Basal Cell Carcinoma - Treatment and Prescriptions

What is Basal Cell Carcinoma ?

Basal cell carcinoma (BCC) is the most common type of skin cancer. Although it is the most common, it also rarely spreads to other parts of the body. Those with fair skin are more likely to get this cancer. It grows slowly, and is one of the least dangerous skin cancers despite it being the most common. Getting it treated is still important because if left alone, it could still spread and become life threatening.

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Symptoms

Basal cell carcinoma is a growth that usually appears in sun exposed areas. A danger of basal cell carcinoma is that it could like a few other skin conditions like eczema, scars, or psoriasis. Some of the symptoms certainly could make BCC mistaken for these conditions, so it takes a well trained eye to differentiate the differences between them. Basal cell carcinoma has a few different looks, but they generally look like the following: Pearly or waxy bump Raised, red patches that could be itchy Sore-like bump that bleeds or scabs Scar-like, flat patch

Causes

Basal cell carcinoma is formed from the excessive growth of basal cells, which are cells that create new skin cells and create the outermost layer of epidermis. The excessive growth is caused by DNA damage. This damage modifies basal cell growth cycles and causes them to grow out of control into a mass of cancerous cells. In a study done about disease caused by ultraviolet radiation, it was revealed that 50-90% of basal cell carcinoma in fair skinned people is caused by radiation UV radiation. This UV radiation causes DNA damage, thus many causes of basal cell carcinoma can be attributed to exposure to UV radiation that causes the DNA damage. Here are various sources of UV radiation that could cause basal cell carcinoma: Sun exposure Tanning beds Tanning lamps DNA can still be damaged naturally, aside from UV radiation. As cells divide and new DNA is made for the new cells, a cell’s internal mechanisms might make a mistake in the creation of DNA and cause DNA damage that way. And although not a direct cause, a family history of basal cell carcinoma could also result in an inherited predisposition to basal cell carcinoma. This makes basal cells more prone to excessive growth.

Treatment

Basal cell carcinoma might not be as dangerous as other types of skin cancer, but it’s still important to get these suspicious spots checked out by a professional to eliminate any sort of risk to one’s health. Especially since BCC’s could easily be misidentified as other diseases, it will take a well trained eye to properly treat whatever might pose a danger. Home Remedies While home remedies have taken on popularity, there are little to no studies confirming the effectiveness of such treatments. In some cases, it might even do more harm than good considering their minimal effectiveness versus the unknown side effects they could have on your body. It’s best to follow the medical advice of a dermatologist because they know what will or will not treat the disease. Here are some popular home remedies that you should be careful with: Antioxidants Hydrotherapy Over the Counter Medication While some over the counter (OTC) medications are effective enough to be given as prescriptions, other OTC medications have limited effects on disease. They might help for mild to moderate cases, but they aren’t usually effective on severe ones. If used incorrectly and without guidance, they might even prove to be ineffective and produce unforeseen side effects. However, a dermatologist can tell you whether or not these can be effective for you. Unfortunately, there are no over the counter medications for basal cell carcinoma. Prescription Prescriptions, alongside professional medical advice, are the most effective form of treatment. Home remedies and over the counter treatments take plenty of time, energy, and money, yet are uncertain to work. Our experienced dermatologists take your unique skin, set of symptoms, and medical history into account to take the guessing game out of your road to recovery. Here are some prescriptions your dermatologist might include in your personalized treatment plan: Immunotherapy drugs - These boosts the body’s immune system to fight cancer cells. Targeted therapy drugs - These target genes, proteins, or the tissue environment involved with cancer growth. Chemotherapy drugs - These interfere with cell growth cycles to prevent cell growth. However, these interfere with healthy cell growth in addition to cancer cell growth.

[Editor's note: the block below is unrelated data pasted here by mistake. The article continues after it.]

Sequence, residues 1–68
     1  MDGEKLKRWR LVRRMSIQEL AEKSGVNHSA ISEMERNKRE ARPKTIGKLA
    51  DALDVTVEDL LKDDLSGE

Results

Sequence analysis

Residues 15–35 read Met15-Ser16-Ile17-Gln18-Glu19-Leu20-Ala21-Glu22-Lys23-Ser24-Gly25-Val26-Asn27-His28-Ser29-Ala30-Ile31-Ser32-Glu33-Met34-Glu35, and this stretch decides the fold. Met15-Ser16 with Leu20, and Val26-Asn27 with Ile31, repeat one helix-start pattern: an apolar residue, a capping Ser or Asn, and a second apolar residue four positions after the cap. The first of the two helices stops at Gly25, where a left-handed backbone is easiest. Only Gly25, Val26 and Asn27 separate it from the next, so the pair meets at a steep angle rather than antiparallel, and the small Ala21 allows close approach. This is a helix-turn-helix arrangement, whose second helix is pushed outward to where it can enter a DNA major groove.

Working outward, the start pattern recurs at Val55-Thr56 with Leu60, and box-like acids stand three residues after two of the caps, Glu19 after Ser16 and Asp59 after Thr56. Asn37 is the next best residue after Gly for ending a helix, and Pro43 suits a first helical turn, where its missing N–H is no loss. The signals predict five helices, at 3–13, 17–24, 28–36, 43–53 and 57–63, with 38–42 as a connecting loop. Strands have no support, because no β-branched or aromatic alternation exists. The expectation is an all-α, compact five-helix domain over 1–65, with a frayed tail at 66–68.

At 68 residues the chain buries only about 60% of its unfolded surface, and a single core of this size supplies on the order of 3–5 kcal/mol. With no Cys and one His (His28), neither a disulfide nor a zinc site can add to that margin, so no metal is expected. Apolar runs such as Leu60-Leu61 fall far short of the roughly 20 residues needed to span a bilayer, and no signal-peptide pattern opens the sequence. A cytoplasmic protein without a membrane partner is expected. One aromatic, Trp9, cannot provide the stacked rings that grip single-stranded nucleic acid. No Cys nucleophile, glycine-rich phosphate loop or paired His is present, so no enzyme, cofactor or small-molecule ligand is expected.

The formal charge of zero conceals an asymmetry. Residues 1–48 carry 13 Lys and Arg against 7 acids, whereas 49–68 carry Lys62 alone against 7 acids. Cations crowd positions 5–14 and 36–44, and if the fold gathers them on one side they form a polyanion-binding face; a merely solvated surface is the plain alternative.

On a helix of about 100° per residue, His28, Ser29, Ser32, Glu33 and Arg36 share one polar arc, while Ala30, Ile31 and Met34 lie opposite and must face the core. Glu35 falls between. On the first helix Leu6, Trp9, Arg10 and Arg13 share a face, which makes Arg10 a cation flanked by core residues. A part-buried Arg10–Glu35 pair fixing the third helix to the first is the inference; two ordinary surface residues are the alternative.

Post Treatment Prevention

After being seen by one of our SkyMD dermatologists, you’ve been equipped with the treatment plan and prescription(s) to treat your discomfort. However, disease can be persistent, so you have to be too. A skin care routine and a set of disease-preventing habits recommended by our dermatologists are essential for long term prevention. Here are some popular prevention strategies that could supplement your personalized treatment plan: Avoid UV radiation - UV rays increase the risk of basal cell carcinoma. Avoid sunburns, tanning, and intense sunlight. Wear sunscreen and clothes that cover a lot of skin. Regular examination - This should be done both by yourself frequently and a dermatologist annually to ensure that no spots turn into basal cell carcinoma.

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